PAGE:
Background: The COVID-19 pandemic has resulted in unprecedented disruptions, restrictions, and concerns about physical and mental health. Emerging adulthood, including the first year of college, is associated with declines in healthy eating and physical activity, as well as possible heightened distress. The impact of COVID-19 may exacerbate these concerns. Purpose: The purpose of this study was to examine changes in health behaviors and perceived stress in emerging adults over the first year of college and to determine whether prepandemic health behaviors were protective for mental health and stress during the initial changes after the COVID-19 pandemic. Methods: First-year college students (N = 234, 58.6% female) completed three surveys during their first year of school, the third being after the onset of COVID-19 and during a stay-at-home order. At Time 3, we also assessed symptoms of anxiety and depression. Results: Using linear mixed modeling, sedentary time increased and physical activity decreased over time, but 20%-35% of students reported improvements in these behaviors. Dietary changes appeared mixed, with some improvements noted early during COVID-19. Perceived stress increased over time. Multiple regression indicated that of the health behaviors examined for protective effects on mental health and stress during the pandemic, only diet quality emerged as a significant predictor. Conclusions: Although notable declines in some health habits were observed over time, including following COVID-19 disruptions, some students reported improved health behaviors. Efforts should be directed at identifying and intervening with students most at risk for poor functioning.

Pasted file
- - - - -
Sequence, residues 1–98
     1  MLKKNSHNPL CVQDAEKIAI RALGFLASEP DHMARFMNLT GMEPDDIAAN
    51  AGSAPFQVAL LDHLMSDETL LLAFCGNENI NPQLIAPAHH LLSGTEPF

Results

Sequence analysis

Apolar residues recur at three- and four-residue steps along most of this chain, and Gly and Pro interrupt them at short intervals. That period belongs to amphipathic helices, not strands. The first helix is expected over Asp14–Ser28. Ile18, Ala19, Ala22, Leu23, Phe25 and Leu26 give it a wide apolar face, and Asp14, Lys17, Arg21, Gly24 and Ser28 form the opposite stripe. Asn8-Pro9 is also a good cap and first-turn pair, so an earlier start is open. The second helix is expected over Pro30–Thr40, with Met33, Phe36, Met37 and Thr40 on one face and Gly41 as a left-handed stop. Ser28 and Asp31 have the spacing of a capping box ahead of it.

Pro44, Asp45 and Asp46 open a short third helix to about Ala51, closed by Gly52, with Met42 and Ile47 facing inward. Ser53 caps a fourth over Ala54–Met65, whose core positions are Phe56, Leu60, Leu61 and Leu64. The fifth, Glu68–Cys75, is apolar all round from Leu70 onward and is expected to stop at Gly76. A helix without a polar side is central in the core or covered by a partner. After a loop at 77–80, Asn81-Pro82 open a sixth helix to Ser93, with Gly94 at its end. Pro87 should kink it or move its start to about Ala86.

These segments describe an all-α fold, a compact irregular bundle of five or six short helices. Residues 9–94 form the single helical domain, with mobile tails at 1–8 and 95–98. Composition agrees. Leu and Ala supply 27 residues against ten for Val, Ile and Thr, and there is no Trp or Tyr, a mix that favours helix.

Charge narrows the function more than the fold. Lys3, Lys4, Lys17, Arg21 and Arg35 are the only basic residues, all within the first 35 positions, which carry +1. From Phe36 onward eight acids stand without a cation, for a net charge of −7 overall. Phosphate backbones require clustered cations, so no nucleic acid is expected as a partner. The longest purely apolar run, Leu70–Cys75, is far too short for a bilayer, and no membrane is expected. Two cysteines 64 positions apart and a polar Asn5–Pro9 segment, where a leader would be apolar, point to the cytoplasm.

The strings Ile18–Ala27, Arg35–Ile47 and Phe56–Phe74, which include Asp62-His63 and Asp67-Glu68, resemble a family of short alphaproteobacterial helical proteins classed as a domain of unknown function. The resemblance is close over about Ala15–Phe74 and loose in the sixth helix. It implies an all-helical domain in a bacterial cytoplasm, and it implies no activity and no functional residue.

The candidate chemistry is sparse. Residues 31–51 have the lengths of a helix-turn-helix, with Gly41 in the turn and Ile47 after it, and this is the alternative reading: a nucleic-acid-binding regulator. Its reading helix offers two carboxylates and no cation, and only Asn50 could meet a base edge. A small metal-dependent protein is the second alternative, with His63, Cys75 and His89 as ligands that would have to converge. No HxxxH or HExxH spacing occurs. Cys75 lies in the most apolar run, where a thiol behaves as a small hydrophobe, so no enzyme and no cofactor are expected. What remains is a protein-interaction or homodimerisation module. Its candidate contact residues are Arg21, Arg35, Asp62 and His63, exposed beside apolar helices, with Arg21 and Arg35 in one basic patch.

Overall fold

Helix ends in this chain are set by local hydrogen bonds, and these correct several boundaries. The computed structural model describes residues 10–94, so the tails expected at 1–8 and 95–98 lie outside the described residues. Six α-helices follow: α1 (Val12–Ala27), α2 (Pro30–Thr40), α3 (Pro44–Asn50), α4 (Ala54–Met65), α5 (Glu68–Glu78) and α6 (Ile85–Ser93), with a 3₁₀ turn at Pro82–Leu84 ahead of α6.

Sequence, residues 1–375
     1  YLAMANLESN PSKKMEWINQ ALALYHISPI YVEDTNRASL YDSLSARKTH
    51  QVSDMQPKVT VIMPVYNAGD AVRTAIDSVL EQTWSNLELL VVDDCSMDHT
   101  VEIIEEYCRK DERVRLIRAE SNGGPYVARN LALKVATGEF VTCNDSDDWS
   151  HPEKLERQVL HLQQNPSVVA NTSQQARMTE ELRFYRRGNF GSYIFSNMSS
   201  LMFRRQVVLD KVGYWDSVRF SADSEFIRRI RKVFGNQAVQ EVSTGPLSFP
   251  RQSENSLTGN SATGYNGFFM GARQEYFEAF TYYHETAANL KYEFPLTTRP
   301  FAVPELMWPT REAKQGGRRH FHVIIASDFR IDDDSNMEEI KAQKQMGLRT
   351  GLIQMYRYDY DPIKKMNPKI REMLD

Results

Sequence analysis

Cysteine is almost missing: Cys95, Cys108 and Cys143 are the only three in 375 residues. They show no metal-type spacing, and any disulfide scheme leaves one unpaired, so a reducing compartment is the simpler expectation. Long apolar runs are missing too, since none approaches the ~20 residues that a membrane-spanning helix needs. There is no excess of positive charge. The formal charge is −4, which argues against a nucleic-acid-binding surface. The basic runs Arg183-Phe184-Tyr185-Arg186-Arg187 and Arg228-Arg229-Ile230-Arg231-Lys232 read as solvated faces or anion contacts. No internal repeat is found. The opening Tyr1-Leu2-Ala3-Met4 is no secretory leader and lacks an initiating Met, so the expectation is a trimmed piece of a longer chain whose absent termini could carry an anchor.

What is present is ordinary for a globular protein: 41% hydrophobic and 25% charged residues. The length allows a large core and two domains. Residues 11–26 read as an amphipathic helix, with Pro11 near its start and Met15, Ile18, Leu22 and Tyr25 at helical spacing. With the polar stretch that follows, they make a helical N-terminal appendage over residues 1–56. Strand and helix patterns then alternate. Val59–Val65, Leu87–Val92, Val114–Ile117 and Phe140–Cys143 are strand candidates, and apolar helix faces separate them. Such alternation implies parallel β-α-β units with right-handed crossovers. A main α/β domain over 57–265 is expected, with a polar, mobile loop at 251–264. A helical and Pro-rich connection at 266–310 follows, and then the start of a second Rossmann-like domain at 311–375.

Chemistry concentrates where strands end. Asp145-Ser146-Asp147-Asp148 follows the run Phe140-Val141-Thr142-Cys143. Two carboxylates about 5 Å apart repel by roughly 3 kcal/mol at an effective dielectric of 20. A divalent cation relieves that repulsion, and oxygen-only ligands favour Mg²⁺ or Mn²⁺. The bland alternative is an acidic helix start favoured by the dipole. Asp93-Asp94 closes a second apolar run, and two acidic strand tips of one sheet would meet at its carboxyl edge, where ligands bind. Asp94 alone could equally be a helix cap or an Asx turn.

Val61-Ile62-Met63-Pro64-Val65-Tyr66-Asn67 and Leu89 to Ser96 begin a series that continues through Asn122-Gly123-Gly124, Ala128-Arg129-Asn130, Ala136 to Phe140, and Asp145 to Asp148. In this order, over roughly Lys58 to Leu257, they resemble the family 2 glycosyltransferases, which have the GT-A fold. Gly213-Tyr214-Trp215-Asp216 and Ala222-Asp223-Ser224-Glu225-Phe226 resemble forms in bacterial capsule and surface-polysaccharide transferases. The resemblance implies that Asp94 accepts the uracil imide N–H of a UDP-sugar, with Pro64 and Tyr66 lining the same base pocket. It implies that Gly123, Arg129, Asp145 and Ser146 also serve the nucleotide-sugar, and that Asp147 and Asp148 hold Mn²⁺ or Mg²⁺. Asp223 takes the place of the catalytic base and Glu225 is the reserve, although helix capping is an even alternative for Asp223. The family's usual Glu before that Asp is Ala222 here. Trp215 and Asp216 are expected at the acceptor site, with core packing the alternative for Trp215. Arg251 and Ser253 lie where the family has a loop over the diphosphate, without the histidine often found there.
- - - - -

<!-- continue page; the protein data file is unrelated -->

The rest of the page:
Bibliographical notePublisher Copyright:
© 2021 Society of Behavioral Medicine. All rights reserved.
- Mental health
- Physical activity
PubMed: MeSH publication types
- Journal Article
- Research Support, Non-U.S. Gov't